We ran out of eggs yesterday. This happens quite often between the two of us, since we both like to eat eggs on their own and we also both like to bake. Well, I like to bake, and Angus likes to eat baked goods. Anyway, we never got around to going to the grocery store to pick some more up, which left us brainstorming last night for breakfast ideas that didn’t involve eggs.
I found a recipe for Cinnamon Biscuits, which looked surprisingly like cinnamon buns, but only required 30 minutes of prep time instead of several hours, so my interest was piqued. I’ve linked to the original recipe on Taste and Tell, but I honestly didn’t think the recipe was very well-written, and I changed a bunch of parts of it, so what follows is my version of the recipe.
Quick, Easy, and Healthy Cinnamon Buns (serves 2, but the servings are small)
Prep Time: 30 minutes
Active Time: 20 minutes
For the dough:
- 2/3c white whole wheat flour, plus extra for kneading and rolling the dough later
- 1 tsp baking powder
- 1/8 tsp baking soda
- pinch salt
- 4 tsp safflower (or other neutral) oil
- 1/4c lowfat buttermilk
For the filling:
- 2 tsp butter or butter alternative (as always, I used earth balance), softened
- 1.5 tbsp brown sugar
- 3/4 tsp cinnamon
For the frosting:
- 1 tbsp butter or butter alternative, softened
- 3 tbsp powdered sugar
- 1/2 tsp vanilla extract
1) Preheat the oven to 400. Grease a cookie sheet or baking pan.
2) Mix together the flour, baking powder, baking soda, and salt. Add the oil and stir until sort of combined (this is not enough oil to form a totally homogenous mixture, so it will have lumps and some extra flour).
3) Add the buttermilk and stir until just combined.
4) Put the dough out onto a very well-floured surface. The dough is EXTREMELY sticky, so get your hands nice and floured before you jump in. Knead the dough until it is smooth and no longer sticking to your hands like crazy. Don’t knead it too much though or you’ll risk incorporating too much flour, which can make the buns tough.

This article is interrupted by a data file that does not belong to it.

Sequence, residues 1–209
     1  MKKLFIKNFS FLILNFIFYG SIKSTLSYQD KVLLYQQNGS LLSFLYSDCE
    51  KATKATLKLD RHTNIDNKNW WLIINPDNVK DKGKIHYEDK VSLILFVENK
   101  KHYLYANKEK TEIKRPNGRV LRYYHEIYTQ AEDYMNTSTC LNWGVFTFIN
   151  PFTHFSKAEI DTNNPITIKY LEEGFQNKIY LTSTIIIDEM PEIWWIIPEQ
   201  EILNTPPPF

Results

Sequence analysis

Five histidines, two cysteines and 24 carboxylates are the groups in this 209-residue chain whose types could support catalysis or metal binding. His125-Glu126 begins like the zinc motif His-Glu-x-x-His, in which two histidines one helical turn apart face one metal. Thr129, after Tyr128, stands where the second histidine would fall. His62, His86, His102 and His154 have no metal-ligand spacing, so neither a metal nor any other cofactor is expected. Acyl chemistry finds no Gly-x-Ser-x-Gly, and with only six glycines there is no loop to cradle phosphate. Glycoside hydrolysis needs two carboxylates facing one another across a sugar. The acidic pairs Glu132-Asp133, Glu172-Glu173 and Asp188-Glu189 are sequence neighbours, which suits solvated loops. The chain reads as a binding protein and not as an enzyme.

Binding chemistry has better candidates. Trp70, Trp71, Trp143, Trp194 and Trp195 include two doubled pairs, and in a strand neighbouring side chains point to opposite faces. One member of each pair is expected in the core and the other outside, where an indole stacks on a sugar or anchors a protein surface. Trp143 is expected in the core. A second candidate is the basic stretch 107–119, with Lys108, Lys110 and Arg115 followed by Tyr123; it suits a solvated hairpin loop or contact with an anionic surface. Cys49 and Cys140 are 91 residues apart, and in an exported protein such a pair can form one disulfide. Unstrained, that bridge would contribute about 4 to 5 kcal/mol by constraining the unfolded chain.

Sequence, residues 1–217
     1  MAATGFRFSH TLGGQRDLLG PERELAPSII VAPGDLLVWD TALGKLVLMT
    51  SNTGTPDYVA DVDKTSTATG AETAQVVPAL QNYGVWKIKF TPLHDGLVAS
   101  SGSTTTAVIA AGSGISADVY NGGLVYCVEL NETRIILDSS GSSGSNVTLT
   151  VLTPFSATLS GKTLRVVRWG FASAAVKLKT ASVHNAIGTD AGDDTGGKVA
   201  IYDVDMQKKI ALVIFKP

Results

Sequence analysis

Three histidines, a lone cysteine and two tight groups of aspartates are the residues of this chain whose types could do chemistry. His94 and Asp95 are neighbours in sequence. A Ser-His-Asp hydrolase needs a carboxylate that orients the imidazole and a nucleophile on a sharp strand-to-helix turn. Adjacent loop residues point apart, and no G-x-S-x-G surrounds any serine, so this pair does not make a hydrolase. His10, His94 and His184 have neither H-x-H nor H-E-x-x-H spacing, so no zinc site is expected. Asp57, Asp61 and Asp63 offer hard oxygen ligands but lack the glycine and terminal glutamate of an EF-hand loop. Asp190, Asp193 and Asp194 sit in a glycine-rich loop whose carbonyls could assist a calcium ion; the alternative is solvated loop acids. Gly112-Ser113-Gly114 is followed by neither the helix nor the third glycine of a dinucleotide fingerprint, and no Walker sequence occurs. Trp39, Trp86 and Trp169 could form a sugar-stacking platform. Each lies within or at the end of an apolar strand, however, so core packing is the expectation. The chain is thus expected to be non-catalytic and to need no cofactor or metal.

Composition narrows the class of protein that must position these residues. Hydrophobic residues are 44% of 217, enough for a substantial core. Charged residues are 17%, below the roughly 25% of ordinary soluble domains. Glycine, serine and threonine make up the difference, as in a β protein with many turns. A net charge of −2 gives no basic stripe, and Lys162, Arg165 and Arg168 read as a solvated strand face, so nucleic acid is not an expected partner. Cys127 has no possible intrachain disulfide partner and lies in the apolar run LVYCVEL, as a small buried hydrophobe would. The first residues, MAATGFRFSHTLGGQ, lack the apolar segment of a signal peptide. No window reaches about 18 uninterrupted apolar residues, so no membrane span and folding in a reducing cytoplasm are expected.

5) Roll out the dough until it’s a little less than a 1/4 inch thick. Any dimensions will do, in my opinion, but aim for some sort of rectangle that will be easy to roll up.
6) Spread the softened butter for the filling out onto the rolled dough. I only used about a teaspoon, but depending on the shape you’ve rolled you may use more, which is why I said 2 tsp in the ingredients list.
7) Mix together the brown sugar and the cinnamon in a separate bowl and sprinkle it lightly and evenly over the dough.
8) Roll up the dough. You can start at either side, but it will affect how large your cinnamon buns are when you’re done. For instance, if you roll starting on the short side of the rectangle, your buns will be fatter but you’l have fewer of them. If you start at the long side (which is what I did), you’ll end up with a skinnier roll and therefore smaller buns, but you’ll have more. So it’s a personal preference, I think.
9) While you’re rolling, try to keep the roll nice and tight. Once it’s all rolled up, cut up the log into little pinwheels (once again, size is a personal preference). Place them spiral-side down on the greased baking sheet. Pop them into the oven!
10) While they’re baking, you can prepare the frosting. I just mixed all the ingredients together with a spoon, but you can certainly use a handmixer if you’re feeling fancy. I also would have added some cream cheese, but we didn’t have any; still, if you have some and think that sounds lovely, I’d recommend you add 1 tbsp of softened cream cheese or neufchâtel and upping the powdered sugar until it’s a consistency you like.
11) Bake until they’ve firmed up and have just started to brown. For me, this was 10 minutes, but it will depend on the size of your buns. Serve immediately!
Angus really enjoyed this recipe! I liked it too, but he was particularly impressed. Normally when we eat breakfast (or any meal, really), we split the recipe 50/50, I clean my plate, he eats about 80% of his, and then I finish whatever he didn’t. But this morning we were switched and he actually ate my extras! We agreed that using whole wheat flour instead of white flour made this taste more like a breakfast and less like a dessert (which, if we were being truly honest with ourselves, it is).
The title of this recipe is a little deceptive. If I had to grade the healthiness of this recipe, I’d probably give it a B- or a C+. Since I used earth balance and safflower oil, it has only healthy fats. It’s also totally whole grain. But, it’s got a fair amount of sugar, not a bunch of protein, and no fruits or vegetables . Still, it’s leaps and bounds healthier than normal cinnamon buns, which is why I popped “Healthy” into the recipe title.